Sunday, 14 July 2024 09:45

Immigration Reform: The Drawbacks of E-Verify

Monday, 30 March 2015

In “A Way Out on Immigration Reform” (Op-Ed, March 18), Alan K. Simpson and Bruce A. Morrison proffered a way to jump-start immigration reform.

Their proposal is to approve H.R. 1147, the Legal Workforce Act, introduced by Representative Lamar Smith and passed by the House Judiciary Committee in early March. It would require that every new hire in the United States be electronically verified.

E-Verify is harmful to employers. Most small businesses, 92 percent, do not use E-Verify. If these businesses do not comply, they would face significant financial penalties.

H.R. 1147 would cost employers $2.6 billion to implement, according to data from Bloomberg, and would increase the federal deficit by $30 billion, according to the Congressional Budget Office. The bill would devastate the agricultural industry, since close to 75 percent of seasonal fieldworkers are undocumented.

E-Verify would also harm workers. An independent study found that lawful permanent residents were four times more likely — and work-authorized immigrants were 27 times more likely — to receive an erroneous E-Verify determination.

Furthermore, there is no administrative appeal system in place if a worker receives an erroneous E-Verify determination. Under H.R. 1147, the only recourse a worker has is to hire a lawyer and sue an employer under the Federal Tort Claims Act.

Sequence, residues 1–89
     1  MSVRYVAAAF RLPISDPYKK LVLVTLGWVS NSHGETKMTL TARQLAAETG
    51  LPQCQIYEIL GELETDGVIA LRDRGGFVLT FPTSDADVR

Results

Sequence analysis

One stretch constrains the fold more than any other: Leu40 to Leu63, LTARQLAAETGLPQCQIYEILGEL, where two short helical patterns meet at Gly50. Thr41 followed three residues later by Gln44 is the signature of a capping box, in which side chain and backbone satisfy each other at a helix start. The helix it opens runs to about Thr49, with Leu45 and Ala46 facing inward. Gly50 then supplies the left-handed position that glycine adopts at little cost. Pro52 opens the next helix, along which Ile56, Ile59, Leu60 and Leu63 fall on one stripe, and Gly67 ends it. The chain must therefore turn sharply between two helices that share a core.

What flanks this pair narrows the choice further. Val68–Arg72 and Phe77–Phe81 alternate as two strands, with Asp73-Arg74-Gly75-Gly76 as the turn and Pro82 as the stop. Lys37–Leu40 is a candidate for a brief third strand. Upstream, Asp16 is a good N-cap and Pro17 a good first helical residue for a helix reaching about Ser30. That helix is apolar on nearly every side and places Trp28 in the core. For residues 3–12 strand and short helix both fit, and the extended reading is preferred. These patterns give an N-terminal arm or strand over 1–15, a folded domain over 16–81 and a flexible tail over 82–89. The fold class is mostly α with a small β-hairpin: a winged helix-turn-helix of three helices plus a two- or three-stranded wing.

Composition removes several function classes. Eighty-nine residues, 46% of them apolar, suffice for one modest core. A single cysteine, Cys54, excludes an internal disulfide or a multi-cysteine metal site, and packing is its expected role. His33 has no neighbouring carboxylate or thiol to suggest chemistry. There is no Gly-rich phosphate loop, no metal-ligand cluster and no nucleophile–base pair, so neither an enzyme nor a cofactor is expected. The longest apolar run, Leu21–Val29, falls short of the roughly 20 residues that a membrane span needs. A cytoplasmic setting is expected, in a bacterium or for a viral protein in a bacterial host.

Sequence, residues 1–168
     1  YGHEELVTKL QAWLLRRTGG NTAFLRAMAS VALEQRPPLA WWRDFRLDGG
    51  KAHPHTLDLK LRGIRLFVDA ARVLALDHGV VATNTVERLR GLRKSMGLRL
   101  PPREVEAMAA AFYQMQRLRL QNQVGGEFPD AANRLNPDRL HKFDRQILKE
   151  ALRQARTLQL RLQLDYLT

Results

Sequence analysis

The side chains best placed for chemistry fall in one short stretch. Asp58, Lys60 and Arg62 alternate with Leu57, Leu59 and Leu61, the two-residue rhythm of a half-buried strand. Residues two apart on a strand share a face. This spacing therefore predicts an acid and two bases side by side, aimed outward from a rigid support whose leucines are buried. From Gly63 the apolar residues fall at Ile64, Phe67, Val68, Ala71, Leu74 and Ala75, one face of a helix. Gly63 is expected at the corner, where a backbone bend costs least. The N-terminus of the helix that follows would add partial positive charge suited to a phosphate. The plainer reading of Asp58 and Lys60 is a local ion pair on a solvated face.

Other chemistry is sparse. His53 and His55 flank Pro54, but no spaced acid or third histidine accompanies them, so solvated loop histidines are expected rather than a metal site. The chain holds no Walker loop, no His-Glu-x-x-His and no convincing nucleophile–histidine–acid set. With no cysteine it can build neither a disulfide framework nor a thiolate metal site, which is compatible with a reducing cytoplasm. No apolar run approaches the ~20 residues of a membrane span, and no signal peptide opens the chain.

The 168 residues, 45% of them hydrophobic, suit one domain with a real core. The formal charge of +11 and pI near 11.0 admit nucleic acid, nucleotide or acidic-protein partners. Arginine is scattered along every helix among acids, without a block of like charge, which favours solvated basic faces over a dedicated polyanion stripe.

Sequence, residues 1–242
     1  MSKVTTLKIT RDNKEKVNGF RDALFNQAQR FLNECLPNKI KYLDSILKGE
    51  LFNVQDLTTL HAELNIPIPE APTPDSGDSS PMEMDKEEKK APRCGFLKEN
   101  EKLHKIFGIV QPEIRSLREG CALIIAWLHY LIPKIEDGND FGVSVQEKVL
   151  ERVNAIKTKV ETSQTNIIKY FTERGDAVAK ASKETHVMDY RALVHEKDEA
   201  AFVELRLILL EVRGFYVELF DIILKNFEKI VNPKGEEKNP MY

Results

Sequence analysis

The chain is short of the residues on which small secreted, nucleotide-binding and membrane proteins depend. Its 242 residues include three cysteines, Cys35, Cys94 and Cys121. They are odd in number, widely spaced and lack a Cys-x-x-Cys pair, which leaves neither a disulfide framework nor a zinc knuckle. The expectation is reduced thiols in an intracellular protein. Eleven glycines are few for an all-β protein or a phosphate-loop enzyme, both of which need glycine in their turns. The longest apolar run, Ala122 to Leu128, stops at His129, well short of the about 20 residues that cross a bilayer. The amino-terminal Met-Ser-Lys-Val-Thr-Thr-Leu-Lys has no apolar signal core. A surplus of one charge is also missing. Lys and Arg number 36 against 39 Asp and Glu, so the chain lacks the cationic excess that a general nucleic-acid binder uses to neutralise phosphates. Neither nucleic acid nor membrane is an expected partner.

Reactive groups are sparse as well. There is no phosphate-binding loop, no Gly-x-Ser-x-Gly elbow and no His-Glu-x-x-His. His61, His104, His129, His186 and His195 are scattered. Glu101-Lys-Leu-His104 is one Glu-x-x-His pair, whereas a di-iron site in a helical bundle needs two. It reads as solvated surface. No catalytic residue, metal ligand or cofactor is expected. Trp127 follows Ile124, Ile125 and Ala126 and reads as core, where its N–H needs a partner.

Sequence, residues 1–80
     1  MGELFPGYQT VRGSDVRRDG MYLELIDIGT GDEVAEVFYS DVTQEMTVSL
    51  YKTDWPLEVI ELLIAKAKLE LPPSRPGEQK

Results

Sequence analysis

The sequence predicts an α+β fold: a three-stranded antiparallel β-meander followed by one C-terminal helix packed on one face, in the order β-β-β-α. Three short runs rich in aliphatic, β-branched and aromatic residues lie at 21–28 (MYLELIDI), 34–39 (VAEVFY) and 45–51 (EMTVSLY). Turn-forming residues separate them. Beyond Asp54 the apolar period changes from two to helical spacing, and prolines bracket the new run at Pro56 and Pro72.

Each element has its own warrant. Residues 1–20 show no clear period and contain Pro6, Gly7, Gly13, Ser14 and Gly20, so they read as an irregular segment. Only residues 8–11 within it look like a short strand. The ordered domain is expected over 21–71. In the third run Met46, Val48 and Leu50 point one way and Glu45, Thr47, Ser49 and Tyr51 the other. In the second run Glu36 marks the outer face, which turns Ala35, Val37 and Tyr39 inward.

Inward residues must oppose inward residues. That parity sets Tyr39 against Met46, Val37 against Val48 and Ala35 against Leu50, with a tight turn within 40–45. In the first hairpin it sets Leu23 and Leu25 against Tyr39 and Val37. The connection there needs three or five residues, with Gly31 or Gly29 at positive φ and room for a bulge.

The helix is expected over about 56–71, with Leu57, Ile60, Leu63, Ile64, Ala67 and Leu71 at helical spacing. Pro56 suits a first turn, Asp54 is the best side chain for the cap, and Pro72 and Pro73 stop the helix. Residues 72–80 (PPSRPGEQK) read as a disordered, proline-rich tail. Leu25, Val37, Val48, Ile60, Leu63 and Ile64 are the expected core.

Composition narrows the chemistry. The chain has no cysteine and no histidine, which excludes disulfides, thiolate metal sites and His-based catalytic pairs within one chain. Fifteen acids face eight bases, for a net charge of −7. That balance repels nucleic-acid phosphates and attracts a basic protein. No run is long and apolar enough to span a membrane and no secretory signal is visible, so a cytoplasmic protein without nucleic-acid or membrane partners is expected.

E-Verify would harm employers, workers and the economy. A humane immigration policy that recognizes the labor rights of all workers is the way forward.

The proposal by a former senator and a former representative to mandate E-Verify as a bipartisan step toward immigration reform overlooks the structural flaws of comparable programs, past and present. They argue that E-Verify, currently voluntary, could be expanded to require all employers to submit and verify worker information online, in order to exclude undocumented immigrants from the work force and discourage newcomers.

The laws that already exist to prohibit employment of undocumented immigrants are underenforced and abused. Employers nationwide hire illegal immigrants off the books to undercut workers with visas, who require the minimum wage and benefits.

 The H-2 program allows employers with labor shortages to bring in temporary foreign workers, but is sidestepped with little consequence by employers unable or unwilling to pay $7.25 an hour. E-Verify will not prevent this abuse.

The proposal is more valid as a potential opportunity for bipartisan consensus than as an actual solution to unjust, unrealistic immigration policy.

Source: The New York


Google+ Google+